An efficient market is one, which is able to absorb new information into the security prices instantly. In the context of international markets, efficiency is not just about the individual markets but also about the pricing of these individual markets relative to the world index. The issue of international market efficiency revolves around international capital […]

# CFA Exam Level 2

## Markowitz, MPT, and Market Efficiency

Modern Portfolio Theory (MPT) is rooted in the mean-variance analysis research performed by Harry Markowitz conducted to allocate assets through a portfolio optimization process. The portfolio concepts presented in section I trace their roots to Markowitz groundbreaking work. The Efficient Market Hypothesis (EMH) contents that the market correctly prices all securities. MPT argues that all […]

## Risk Factors and Tracking Portfolios

Tracking portfolios Tracking Portfolio: A portfolio assembled with securities that will replicate a specific risk profile. Tracking portfolios commonly mirror an expected benchmark index, such as an index of global large capitalization stocks. The theoretical construction of a tracking portfolio done through multifactor modeling is done by setting each factor sensitivities equal to the factor […]

## Arbitrage Portfolio Theory (APT) – A Multifactor Macroeconomic Model

Arbitrage Portfolio Theory (APT) came along after CAPM as a multifactor model to explain returns. APT explains returns under the construct where: Multiple risks with an excess return above the risk free rate of return can be priced. Any security or portfolio has its own beta coefficient to each of the priced risk variables in […]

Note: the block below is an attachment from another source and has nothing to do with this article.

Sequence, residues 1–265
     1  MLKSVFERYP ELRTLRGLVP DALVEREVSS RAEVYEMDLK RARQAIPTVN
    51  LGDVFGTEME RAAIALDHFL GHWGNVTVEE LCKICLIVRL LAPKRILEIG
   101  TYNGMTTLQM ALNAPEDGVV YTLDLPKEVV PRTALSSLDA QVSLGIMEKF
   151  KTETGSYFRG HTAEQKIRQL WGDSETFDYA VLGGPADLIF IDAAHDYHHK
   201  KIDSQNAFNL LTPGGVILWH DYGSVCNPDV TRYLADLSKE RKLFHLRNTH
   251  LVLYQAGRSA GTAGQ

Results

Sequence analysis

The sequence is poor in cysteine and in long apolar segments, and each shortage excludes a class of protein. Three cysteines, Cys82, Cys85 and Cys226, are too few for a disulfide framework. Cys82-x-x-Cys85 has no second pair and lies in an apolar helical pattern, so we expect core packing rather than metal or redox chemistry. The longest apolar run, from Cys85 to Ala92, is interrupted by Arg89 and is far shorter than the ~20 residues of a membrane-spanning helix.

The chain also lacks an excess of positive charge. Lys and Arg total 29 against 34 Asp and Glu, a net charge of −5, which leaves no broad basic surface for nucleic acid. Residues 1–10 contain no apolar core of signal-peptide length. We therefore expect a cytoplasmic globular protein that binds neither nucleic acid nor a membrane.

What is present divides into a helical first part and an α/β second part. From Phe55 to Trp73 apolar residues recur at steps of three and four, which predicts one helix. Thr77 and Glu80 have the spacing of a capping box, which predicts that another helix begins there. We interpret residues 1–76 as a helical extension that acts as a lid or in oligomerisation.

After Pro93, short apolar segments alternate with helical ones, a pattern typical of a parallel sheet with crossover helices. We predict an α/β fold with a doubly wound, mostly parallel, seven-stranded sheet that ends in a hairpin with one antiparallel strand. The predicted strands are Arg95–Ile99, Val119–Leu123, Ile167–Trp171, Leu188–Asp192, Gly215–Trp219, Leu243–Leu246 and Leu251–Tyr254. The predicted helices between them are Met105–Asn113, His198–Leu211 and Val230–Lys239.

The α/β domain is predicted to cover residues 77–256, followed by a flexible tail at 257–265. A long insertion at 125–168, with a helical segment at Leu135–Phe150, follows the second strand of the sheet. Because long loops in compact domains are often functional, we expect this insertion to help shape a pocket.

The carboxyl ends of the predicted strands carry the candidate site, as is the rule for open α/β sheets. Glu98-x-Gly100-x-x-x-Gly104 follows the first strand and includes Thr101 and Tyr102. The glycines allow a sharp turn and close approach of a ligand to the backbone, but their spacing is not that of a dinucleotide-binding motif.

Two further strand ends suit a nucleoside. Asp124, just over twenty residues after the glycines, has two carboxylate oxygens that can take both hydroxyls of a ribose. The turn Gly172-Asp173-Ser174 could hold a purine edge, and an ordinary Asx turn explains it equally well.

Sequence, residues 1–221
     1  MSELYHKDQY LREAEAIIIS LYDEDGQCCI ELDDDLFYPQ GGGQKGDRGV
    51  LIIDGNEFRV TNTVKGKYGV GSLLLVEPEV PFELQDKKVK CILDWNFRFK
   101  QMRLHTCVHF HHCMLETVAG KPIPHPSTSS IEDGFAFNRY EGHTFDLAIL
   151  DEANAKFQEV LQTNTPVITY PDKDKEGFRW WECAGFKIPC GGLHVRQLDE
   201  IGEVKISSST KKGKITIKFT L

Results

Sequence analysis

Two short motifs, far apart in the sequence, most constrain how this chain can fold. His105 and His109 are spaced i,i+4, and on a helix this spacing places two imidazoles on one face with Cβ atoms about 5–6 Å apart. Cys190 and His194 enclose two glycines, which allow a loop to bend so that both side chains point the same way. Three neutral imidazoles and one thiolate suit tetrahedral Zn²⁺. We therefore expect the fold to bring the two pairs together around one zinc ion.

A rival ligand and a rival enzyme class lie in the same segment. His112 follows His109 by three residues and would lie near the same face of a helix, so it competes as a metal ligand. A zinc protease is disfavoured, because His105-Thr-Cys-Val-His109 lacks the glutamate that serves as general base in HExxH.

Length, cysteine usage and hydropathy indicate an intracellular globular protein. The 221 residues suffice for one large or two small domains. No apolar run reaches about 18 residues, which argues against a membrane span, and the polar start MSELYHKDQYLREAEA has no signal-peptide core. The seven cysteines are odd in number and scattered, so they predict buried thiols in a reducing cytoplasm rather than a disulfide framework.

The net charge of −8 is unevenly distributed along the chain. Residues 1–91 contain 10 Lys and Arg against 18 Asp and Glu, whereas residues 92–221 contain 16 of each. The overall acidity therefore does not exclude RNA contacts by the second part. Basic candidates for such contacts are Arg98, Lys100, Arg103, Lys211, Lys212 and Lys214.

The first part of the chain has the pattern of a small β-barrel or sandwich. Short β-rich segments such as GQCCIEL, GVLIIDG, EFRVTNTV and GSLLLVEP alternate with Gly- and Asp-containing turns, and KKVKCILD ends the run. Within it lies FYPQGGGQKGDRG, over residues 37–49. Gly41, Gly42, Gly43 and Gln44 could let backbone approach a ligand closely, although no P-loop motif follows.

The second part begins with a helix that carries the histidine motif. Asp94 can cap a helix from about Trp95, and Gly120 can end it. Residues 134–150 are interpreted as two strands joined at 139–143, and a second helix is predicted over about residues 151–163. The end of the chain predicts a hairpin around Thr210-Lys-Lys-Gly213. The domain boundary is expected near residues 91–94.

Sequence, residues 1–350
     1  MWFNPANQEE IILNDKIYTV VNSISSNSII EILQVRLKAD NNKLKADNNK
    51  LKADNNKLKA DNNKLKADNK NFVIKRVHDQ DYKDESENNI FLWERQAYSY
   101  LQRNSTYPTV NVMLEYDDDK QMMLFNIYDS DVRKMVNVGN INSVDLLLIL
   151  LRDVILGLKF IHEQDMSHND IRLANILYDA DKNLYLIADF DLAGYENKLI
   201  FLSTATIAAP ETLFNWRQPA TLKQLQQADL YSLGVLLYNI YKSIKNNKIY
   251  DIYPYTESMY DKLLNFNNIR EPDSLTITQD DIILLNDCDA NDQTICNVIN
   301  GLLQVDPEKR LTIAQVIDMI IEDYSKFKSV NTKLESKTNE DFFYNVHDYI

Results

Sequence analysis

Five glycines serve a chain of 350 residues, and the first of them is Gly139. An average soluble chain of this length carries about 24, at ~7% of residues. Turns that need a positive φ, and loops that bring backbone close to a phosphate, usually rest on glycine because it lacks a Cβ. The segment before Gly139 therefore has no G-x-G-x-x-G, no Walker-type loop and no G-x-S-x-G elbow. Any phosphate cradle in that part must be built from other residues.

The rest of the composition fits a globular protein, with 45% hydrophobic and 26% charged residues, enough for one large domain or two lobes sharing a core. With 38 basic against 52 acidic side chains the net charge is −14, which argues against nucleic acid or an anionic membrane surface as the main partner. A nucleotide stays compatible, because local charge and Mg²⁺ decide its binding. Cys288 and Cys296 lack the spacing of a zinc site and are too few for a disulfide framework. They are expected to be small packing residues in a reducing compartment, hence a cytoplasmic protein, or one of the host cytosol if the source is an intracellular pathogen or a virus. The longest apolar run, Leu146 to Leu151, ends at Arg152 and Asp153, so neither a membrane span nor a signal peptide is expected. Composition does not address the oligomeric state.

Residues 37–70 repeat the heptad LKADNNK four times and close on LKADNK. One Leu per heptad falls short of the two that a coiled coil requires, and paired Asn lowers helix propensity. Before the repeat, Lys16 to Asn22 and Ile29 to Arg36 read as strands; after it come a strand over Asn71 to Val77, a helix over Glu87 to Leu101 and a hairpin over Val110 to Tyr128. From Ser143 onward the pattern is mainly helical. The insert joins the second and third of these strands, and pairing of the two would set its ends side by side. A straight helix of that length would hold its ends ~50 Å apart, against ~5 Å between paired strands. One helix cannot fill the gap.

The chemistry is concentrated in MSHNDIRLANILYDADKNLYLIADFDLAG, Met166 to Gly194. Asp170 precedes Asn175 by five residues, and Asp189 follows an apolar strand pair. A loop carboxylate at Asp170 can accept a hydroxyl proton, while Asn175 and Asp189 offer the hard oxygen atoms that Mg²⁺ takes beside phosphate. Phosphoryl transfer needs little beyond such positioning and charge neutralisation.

## Multifactor Models

While the Market Model uses only a single risk factor to price a security’s return, Multifactor Models apply a set of risk factors to describe an asset’s returns. Multifactor Model Types Macroeconomic Factor Models Apply economic variable as the risk factors that explain a security’s returns. Surprise Factor for betas of macroeconomic factor models: These […]

## Adjusted and Unadjusted Beta

Betas calculated purely based on historical data are unadjusted betas. However, this beta estimate based on historical estimates is not a good indicator of the future. This is also called the beta instability problem. Statistically, over time betas may exhibit mean reverting properties as extended periods significantly above 1 (one) may eventually decline and betas […]

## The Market Model for a Security’s Returns

When a portfolio manager considers a security for addition to a portfolio within the construct of mean variance analysis, he/she must determine what return for the x-variable represents “market portfolio”. The Market Model assumes that some security market index, such as the S&P 500, represents the market portfolio. The Market Model & Quant: The Market […]

## Adding an Asset to a Portfolio – Improving the Minimum Variance Frontier

We can use the Sharpe Ratio to determine if adding an asset creates a better (higher) minimum variance frontier. The Sharpe ratio is calculated using the following formula: Sharpe Ratio = (E(Rasset) – RF)/σasset Calculate the Sharpe ratio for the current portfolio and then calculate the Sharpe ratio after adding the new asset. If the […]

## CAPM & the SML

The Capital Asset Pricing Model (CAPM) assumes only one efficient portfolio, the market portfolio. CAPM and the CML are more strict than simple Mean-Variance and the CAL. CAPM and CAL similarities: Risk averse investors. Shared investor assumptions for expected returns, variances and standard deviations, and covariances of returns. The above variables are the only inputs […]

## The Capital Market Line

On a graph, the Capital Allocation line (CAL) starts at the risk-free return and runs tangent to the minimum variance frontier for any group of risk assets. On a graph, the Capital Market Line (CML) starts from the risk-free return on the y-int and runs tangent to the efficient frontier at the market portfolio. Market […]